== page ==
• Lots of possible prompts, reading materials, podcasts, project ideas, and so on. This is mostly for the students who lack the will or inclination to determine their own activity. But also, I'm a professional at coming up with good ideas.
  • An environment that normalizes success, cooperation, learning, and pride.
  • An environment that seeks to eliminate all kinds of fear, feelings of inferiority

The students' responsibilities are as follows:
  • They go hard every single minute of every class, from bell to bell.
  • When the bell rings, they have their journals, their checklists (their packet of standards), and their nametags on their desks.
  • They help their friends, and they ask for help from their friends.
  • Using their checklists and journals, they keep track of each standard they address, including the following details: at which level of scaffolding were they, how did they address it, how many times, and how well did they do.

What do they get for "going hard bell to bell," along with all this tedious self-assessment?
  • No compulsory tests or quizzes.
  • Very little homework.
  • The peace of knowing their grade will be an A.
  • The freedom to drive their own instruction.
  • The joy of working with others in a positive, stress-free environment.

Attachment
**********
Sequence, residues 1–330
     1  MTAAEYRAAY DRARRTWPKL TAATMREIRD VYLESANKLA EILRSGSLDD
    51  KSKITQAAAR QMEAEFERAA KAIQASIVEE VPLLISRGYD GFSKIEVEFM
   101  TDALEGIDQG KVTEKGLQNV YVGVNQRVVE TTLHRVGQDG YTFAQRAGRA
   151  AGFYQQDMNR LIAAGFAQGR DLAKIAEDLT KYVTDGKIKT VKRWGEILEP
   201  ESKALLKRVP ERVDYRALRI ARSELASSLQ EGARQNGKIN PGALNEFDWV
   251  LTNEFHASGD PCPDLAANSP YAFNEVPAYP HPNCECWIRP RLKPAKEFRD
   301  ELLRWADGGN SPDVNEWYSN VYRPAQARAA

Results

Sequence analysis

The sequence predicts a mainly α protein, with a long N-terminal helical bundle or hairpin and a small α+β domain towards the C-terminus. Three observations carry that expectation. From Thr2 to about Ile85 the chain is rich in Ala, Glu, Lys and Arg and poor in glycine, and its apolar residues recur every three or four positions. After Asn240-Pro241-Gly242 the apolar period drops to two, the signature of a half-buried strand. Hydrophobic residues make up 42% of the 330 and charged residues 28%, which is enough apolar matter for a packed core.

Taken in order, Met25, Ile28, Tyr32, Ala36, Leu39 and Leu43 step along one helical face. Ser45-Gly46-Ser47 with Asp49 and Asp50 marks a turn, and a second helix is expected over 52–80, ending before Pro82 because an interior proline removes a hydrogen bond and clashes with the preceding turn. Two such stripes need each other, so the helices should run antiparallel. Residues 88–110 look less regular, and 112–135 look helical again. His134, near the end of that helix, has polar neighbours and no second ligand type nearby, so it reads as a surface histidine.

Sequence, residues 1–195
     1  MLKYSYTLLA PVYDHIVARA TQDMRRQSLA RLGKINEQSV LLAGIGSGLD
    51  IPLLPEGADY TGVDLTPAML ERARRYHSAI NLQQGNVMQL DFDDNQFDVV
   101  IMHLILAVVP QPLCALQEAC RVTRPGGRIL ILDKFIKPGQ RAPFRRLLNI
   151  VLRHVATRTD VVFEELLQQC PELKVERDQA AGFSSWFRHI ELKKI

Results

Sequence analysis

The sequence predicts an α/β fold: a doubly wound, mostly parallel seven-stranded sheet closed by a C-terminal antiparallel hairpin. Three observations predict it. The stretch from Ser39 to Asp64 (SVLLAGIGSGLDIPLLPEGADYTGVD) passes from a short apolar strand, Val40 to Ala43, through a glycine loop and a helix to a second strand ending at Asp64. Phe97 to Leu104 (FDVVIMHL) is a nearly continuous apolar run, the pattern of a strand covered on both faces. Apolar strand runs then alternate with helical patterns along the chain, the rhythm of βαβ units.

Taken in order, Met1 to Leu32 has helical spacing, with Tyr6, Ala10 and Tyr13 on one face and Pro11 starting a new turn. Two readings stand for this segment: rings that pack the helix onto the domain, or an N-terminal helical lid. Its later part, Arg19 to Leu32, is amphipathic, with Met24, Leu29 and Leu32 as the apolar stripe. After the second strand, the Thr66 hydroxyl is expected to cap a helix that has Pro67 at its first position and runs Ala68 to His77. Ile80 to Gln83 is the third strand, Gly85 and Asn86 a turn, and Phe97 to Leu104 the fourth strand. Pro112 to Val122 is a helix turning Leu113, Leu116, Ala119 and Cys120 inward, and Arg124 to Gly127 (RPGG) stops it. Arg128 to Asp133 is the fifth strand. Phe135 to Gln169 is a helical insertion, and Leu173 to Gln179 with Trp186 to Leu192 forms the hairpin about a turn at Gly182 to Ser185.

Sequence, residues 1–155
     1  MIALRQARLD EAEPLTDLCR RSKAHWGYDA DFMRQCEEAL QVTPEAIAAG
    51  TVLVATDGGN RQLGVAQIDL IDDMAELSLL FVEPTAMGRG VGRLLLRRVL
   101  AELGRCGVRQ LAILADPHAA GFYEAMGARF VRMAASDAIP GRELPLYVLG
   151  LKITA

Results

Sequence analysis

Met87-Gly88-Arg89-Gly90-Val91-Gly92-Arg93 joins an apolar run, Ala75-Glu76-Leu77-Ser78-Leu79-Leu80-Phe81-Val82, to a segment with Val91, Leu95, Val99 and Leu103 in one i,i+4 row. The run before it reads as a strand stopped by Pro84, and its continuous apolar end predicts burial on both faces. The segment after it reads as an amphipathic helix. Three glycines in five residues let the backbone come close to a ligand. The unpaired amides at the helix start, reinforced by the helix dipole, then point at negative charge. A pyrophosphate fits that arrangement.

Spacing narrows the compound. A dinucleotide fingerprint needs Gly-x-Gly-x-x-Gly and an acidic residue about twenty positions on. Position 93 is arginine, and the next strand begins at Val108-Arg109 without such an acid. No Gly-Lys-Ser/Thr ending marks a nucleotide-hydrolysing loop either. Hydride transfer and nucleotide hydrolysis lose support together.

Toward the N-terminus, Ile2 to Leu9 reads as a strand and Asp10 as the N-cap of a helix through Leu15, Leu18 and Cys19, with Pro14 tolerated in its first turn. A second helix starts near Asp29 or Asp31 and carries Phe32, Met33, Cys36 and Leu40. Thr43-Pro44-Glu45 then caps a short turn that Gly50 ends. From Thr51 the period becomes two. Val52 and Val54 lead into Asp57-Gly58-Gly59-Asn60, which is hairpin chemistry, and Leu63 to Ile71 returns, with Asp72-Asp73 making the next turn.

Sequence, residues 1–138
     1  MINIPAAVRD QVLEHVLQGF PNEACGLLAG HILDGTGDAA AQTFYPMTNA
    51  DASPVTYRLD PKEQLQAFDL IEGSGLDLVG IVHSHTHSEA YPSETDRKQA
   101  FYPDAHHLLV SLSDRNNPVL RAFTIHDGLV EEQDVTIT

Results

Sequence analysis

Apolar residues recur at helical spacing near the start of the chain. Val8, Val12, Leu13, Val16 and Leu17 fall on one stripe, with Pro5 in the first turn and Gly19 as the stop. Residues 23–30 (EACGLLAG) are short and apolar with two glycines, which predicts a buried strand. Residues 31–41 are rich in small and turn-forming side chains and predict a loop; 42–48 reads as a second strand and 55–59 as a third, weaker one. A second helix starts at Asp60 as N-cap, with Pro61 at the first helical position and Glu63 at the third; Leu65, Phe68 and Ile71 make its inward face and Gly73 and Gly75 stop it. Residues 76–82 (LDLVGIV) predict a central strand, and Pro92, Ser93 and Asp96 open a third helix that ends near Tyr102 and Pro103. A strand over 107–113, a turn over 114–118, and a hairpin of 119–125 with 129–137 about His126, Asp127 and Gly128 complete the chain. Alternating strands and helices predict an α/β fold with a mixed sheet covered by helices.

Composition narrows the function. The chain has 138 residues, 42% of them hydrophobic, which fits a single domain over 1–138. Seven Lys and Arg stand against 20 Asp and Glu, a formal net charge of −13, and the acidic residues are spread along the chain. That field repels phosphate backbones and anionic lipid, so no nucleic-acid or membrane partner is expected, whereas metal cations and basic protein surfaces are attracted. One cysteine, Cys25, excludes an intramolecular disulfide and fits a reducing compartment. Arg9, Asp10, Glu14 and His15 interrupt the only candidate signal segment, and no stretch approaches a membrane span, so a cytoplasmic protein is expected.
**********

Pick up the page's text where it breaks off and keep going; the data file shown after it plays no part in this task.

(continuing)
• The satisfying grip (literally) on the standards and skills they're expected to learn.

Several questions and concerns immediately show themselves. Just to name a few:
  1. Seriously? If just one student flakes, everyone else loses out on the deal? Why?
  2. What do we do if one student starts to let us down? Just give up? What are the lines between a) basic peer-pressure, b) "changing the culture into one of mutual success and cooperation," and c) bullying a kid into improving his reading and writing skills
  3. How will I get them to study, or listen carefully, or write carefully, when they are promised that standardized test scores or standardized writing rubrics won't negatively affect their grade?
  4. Hypothetically speaking, is it worth it, or even morally acceptable, to give each and every student an A, if it even slightly improves student learning in a general sense? In other words, which situation is preferable: a) The average grade is a 75% (or 85%, or whatever), and the students are individually distinguished by their own personal grade; or b) Everyone gets a 95%, nobody is individually distinguished (by their own letter grade), and generally speaking, student learning is at least slightly (and quantifiably) elevated?
  5. Why am I doing this? (Especially when I love elitism, capitalism, and competition. Because America.)

In my next blog post, I'm going to address that last question first. As a coach and a teacher, I used to be a staunch advocate for straight rows, brutal competition, and top-down discipline. What happened to me? And where did that gum-chomping, Oakley-wearing Coach Godsey go? And why? And is he long gone, or just in another department of my life? Or is he standing right behind me, with his arms crossed?